The Day – Local Farming Website Wins $ 41,600 Federal Grant


East Lyme – An online platform to drive sales to local farms using sustainable growing practices has won a planning grant of $ 41,600 from the US Department of Agriculture.

The local farm-gate platform, called Healthy PlanEat, was designed by East Lyme native Rosemary Ostfeld, who teaches sustainable agriculture at Wesleyan University. It was initially launched at several local locations including Provider Farm in Salem, Drew’s Honeybees in Norwich, and Long River Farm in Old Lyme.

The award, one of three awarded in Connecticut, was part of a $ 90.2 million federal investment to “strengthen and explore new market opportunities for local and regional food businesses,” according to a statement. Funding for the local project was made possible through the Local Agriculture Marketing Program.

“I’m really, really excited,” Ostfeld said in a phone interview. “I feel really lucky that this is working. It’s an honor.”

Ostfeld said she would use the Healthy PlanEat website development and marketing grant in hopes of expanding a targeted shipping program locally funded by a small Connecticut Entrepreneurship Foundation grant that she tested. on a small scale last summer. She also said the project will allow farms and small food businesses to handle an increased number of contextual pickups for their products at various locations across the state.

“This will allow the platform to evolve,” Ostfeld said of the grant. “It will be really cool. We can have more slots.”

One of those locations currently under construction is an Old Lyme site on Halls Road across from the Essex Savings Bank, where Long River Farm owner Walker Potts plans to open a store to sell produce throughout. year, as well as a variety of breakfasts. , food products for lunch and dinner in cooperation with several other local farms, he said.

Ostfeld said she is also working on another program to help local farmers this winter by selling them to school systems in the area. Several farms use hoop houses or other methods to extend their growing season, while others focus on hardy root vegetables, micrograins, honey or syrup that can generate income during the off season. . She has also worked with some farms to develop holiday-related products, such as cheese plates, she said.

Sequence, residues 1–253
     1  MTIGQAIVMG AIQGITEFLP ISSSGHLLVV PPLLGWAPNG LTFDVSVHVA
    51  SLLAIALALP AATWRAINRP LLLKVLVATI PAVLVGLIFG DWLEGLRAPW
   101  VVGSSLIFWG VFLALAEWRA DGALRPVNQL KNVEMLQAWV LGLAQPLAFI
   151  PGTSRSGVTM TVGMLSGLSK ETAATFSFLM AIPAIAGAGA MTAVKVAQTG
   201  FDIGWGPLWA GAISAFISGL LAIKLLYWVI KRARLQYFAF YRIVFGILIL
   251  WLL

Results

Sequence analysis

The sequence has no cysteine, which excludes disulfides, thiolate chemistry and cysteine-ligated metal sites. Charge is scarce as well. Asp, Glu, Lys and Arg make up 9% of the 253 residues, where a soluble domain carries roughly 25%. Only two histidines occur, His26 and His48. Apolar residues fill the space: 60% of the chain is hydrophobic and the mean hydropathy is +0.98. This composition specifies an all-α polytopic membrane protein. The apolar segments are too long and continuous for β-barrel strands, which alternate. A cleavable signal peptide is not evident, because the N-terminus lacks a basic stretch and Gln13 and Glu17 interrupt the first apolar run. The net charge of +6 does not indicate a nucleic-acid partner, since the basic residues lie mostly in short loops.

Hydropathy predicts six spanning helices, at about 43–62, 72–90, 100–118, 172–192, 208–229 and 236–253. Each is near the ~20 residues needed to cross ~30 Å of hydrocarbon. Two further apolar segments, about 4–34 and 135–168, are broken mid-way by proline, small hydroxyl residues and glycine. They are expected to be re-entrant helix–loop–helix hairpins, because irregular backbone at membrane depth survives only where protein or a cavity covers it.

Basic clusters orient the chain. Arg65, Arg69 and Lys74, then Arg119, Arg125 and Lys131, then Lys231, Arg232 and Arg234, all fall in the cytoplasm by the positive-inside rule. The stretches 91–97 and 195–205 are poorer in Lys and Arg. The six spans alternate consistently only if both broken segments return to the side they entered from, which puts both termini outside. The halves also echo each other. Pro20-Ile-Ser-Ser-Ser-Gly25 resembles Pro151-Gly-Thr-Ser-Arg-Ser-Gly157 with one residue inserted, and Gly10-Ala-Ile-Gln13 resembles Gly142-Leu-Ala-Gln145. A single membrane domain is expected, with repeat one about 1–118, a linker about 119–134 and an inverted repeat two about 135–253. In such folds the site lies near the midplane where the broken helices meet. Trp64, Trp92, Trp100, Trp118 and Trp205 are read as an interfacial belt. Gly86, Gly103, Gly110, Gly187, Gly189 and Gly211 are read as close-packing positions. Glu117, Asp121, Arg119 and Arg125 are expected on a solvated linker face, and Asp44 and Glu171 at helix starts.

Yet many local customers won’t begin to see Ostfeld’s plans come to life until the spring, when the first crops of the season are harvested. In 2022, it will transfer through the revised website some of the on-farm sale pickups it managed to local businesses themselves, overseeing fewer daily interactions while dramatically increasing the number of pickup sites.

At the same time, she will be focusing more of her attention on a very small-scale piloted expedition program last summer at Provider Farm in Salem and at two sites in Colchester: Cugno’s and Cloverleaf farms. Each site tested shipping products through the U.S. Postal Service, which Ostfeld says has been found to be very effective in delivering packages at low cost, usually within a single day.

A typical box of produce, sold for a flat-rate price of around $ 45, would include cucumbers, squash, onions, and potatoes. The original program was a bit of a catch-all and didn’t offer a lot of choice, but Ostfeld said funding from the Agriculture Department would allow it to offer some level of options to consumers in the future.

“We are building a community of farmers who share values ​​and we are helping them use technology to facilitate connection with customers and with each other,” she said. “I’m interested in more sustainable farmers shipping hyperlocally and expanding our collection model. “

Ostfeld, in her grant application on behalf of her company Sustainable Planet LLC, noted that she hoped to bring the sustainable agriculture sales website to other neighboring states once she can increase the number of farms in the region. Connecticut selling online. One of her challenges in scaling, she said, would be making sure customers are happy with the experience, so she foresees a time when consumer reviews could be added to the website.

“We have to make sure the quality is really high,” she said.

During this time, she will be holding farmer focus groups over the winter to discuss how best to update the Healthy PlanEat website to be ready in early spring.

“I love working on this,” Ostfeld said. “I love meeting the farmers, getting to know the customers. We are building a community around consuming healthy, sustainable food at a time when it was difficult during COVID.”

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